The total cycle of the fly lasts, approximately, 5 to 6 weeks (Fig. 1). It starts with the oviposition of, approximately 400 to 800 eggs, after which the female dies. Four days later, the first larva stadium hatches; they are a few mm long and voracious. They continue growing for 12 to 14 days, provided they are under suitable environmental conditions and with a good organic substrate. At the end of this period, the larva enters the pupa stadium, which ends in 2 or 3 weeks-time, with the emergence of a fly (Dortmans et al., 2017).
In their single week of adult life, females look for a partner, mate, lays eggs and die. Sixty-nine percent of mating occur 2 days after eclosion, significantly affected by light intensity (Tomberlin & Sheppard, 2002). Four days after eclosion, 70% of adult females had already laid their eggs (Tomberlin & Sheppard, 2002).
By synchronizing the mating activity based on the management of light intensity, females are induced to lay their eggs at, approximately, the same time (Dortmans et al., 2017). Five days after the larvae had hatched, they are inoculated into the organic matter and the process of biotransformation begins. The temperature should be between 26 and 30 ºC, shaded and with a substrate moisture between 60 and 90%. Two to five percent of the larvae are left to grow and become adults (Dortmans et al., 2017).
They are harvested at day 12 post-inoculation, before they become prepupae, and when the nutritional properties are at their maximum point (Dortmans et al., 2017; Liu et al., 2017). The final weight is determined by the quality and amount of substrate, as well as by the environmental conditions and the level of light. In suboptimal conditions, the attained weight will be lower and the time to achieve the final stage will be longer (Dortmans et al., 2017).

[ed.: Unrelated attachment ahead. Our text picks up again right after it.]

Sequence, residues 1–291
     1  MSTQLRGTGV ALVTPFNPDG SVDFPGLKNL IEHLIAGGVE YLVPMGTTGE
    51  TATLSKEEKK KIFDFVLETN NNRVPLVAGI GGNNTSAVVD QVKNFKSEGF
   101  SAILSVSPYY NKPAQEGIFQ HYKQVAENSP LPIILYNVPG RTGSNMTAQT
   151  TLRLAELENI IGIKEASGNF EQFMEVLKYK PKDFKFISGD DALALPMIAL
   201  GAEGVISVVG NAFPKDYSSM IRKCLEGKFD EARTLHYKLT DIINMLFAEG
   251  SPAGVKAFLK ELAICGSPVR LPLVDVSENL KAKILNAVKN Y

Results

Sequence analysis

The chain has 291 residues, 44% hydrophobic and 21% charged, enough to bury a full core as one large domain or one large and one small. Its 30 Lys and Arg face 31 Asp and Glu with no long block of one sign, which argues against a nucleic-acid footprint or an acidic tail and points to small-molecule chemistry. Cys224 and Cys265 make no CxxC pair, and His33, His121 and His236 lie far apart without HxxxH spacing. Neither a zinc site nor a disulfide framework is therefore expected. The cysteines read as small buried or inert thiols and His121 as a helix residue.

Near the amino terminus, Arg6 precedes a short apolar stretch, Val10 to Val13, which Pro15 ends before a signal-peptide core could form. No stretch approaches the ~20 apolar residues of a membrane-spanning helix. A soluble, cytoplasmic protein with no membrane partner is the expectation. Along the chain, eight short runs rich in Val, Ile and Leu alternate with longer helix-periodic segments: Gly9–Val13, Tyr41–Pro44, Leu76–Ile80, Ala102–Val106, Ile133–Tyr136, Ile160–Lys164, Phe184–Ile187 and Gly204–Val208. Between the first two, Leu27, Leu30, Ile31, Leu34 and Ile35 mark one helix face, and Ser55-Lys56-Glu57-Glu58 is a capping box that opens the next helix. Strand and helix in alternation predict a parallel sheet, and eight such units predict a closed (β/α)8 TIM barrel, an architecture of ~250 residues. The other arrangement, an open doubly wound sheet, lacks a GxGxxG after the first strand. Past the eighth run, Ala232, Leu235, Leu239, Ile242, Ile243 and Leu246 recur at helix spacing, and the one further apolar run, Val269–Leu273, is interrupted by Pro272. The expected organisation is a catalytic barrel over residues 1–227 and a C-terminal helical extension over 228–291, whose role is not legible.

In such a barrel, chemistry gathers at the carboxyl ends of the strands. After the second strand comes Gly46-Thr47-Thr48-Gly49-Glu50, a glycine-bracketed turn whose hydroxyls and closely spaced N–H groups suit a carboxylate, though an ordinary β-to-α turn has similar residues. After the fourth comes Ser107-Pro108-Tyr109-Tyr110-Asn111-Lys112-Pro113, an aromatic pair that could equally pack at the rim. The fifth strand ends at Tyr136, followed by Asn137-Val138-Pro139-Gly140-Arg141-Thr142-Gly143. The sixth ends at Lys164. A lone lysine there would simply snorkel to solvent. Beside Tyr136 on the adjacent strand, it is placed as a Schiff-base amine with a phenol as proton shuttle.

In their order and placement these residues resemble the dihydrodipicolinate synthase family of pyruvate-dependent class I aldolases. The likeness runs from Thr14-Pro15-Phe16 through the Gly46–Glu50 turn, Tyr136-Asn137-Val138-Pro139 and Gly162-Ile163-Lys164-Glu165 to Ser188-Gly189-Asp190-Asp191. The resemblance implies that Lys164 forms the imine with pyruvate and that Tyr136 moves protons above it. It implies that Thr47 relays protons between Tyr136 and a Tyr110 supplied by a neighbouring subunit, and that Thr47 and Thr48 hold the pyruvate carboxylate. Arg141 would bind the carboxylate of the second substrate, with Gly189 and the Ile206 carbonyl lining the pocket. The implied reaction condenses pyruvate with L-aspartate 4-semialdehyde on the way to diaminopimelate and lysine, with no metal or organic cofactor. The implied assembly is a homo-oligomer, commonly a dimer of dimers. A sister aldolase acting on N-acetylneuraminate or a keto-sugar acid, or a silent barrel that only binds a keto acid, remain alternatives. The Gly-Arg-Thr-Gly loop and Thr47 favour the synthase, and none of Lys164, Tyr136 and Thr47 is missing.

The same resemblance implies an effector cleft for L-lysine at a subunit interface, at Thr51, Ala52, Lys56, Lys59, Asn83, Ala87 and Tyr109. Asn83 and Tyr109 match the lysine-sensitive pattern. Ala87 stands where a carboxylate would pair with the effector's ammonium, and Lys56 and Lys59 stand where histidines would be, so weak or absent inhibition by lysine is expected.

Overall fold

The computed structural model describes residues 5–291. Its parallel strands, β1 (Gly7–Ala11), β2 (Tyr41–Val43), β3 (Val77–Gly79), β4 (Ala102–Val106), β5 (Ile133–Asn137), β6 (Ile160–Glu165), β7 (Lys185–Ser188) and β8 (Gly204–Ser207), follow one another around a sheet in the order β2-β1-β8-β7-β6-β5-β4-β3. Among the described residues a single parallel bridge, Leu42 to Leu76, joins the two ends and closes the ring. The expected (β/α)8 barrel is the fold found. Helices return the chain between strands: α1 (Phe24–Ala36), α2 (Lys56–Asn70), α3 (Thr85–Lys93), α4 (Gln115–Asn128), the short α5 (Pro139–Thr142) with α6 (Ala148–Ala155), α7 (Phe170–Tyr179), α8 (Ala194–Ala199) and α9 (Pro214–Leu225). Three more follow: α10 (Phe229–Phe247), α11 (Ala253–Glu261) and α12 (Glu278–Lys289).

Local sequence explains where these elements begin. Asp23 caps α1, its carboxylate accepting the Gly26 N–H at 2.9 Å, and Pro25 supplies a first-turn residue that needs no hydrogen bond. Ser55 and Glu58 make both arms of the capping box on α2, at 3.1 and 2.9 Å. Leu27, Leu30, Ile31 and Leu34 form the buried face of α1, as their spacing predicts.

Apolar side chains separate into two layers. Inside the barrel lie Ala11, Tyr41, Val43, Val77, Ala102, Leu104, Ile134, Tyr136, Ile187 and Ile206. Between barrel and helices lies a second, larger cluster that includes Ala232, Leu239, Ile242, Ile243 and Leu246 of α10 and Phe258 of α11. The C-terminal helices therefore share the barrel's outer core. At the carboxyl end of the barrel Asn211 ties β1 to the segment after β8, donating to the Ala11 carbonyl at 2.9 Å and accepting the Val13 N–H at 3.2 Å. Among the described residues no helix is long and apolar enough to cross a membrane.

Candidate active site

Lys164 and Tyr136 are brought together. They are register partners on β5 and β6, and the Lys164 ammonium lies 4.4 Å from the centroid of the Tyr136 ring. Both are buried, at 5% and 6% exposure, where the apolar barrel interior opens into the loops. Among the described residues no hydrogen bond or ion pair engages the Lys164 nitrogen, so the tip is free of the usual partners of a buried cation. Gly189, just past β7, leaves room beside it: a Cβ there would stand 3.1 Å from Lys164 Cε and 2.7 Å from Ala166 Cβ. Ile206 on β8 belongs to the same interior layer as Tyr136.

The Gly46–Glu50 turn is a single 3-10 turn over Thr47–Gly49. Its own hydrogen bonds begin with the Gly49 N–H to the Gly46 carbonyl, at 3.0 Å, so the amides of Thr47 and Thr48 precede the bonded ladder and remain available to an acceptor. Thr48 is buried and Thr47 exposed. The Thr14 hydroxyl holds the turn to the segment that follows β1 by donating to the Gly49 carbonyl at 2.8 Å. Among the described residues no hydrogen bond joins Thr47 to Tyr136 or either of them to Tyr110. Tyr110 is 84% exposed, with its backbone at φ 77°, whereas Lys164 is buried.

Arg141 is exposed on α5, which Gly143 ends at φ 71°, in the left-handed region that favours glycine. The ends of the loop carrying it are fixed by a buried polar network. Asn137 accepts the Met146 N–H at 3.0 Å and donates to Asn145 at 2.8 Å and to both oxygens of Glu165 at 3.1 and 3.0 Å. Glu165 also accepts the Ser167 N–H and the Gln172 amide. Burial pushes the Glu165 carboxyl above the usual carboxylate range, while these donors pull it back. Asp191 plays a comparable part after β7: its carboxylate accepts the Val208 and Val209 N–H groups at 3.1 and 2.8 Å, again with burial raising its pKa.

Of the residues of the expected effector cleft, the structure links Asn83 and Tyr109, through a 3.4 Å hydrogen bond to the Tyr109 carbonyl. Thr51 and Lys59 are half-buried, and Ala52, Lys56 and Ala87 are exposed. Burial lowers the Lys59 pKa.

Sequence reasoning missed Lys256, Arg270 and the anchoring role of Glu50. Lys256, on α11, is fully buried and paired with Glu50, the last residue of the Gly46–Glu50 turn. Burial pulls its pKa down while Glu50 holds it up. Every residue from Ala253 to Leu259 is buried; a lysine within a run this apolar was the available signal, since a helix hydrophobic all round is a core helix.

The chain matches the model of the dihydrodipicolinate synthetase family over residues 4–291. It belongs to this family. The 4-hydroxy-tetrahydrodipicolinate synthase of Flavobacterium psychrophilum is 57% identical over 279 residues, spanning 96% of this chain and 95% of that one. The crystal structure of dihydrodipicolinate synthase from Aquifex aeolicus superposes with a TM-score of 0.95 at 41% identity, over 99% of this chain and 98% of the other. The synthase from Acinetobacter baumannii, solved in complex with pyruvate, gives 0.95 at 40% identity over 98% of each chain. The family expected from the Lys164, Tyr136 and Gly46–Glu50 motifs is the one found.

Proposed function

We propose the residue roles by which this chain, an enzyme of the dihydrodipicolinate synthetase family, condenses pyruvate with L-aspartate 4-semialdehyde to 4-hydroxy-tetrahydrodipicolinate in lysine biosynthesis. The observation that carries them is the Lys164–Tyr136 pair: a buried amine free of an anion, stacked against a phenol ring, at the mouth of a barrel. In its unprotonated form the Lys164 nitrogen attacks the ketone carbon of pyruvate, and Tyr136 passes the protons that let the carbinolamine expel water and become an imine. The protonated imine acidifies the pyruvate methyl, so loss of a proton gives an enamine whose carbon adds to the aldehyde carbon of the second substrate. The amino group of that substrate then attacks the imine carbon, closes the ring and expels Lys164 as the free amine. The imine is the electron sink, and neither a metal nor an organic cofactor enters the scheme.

After harvesting, the transformed organic matter and the larvae are processed separately. The larvae are normally dried or frozen, to be then commercialized as an animal feed ingredient. The organic product can be dried to be used as compost, or being fermented for biogas, among other uses (Dortmans et al., 2017).
Erickson et al. (2004) reported that BSF larvae secrete substances that repel other insects and potential disease vectors, such as common house fly (Musca domestica).
Regarding the transmission of pathogens, BSF larvae have been reported to reduce the levels of E. coli and Salmonella enterica in cow manure (Erickson et al., 2004; Shumo et al. 2019). Similarly, Liu et al. (2017) reported a reduction of the count of E. coli count in chicken manure treated with BSF larvae.
Purschke et al. (2017) found that rearing larvae in substrates contaminated with cadmium and lead reduced their growth rate and feed conversion. Larvae also accumulated cadmium and lead in their tissues (accumulation factors of 9 and 2 respectively), whilst other heavy metals remained at a lower concentration than in the substrates.
Larvae growth is not affected by pesticides or mycotoxins, and these toxins were not found in larval tissues (Purschke et al., 2017). Shumo et al. (2019), using LC-Qtof-MS analysis, also reported not finding traces of aflatoxins when examining BSF larvae grown on spent grains, kitchen waste and chicken manure.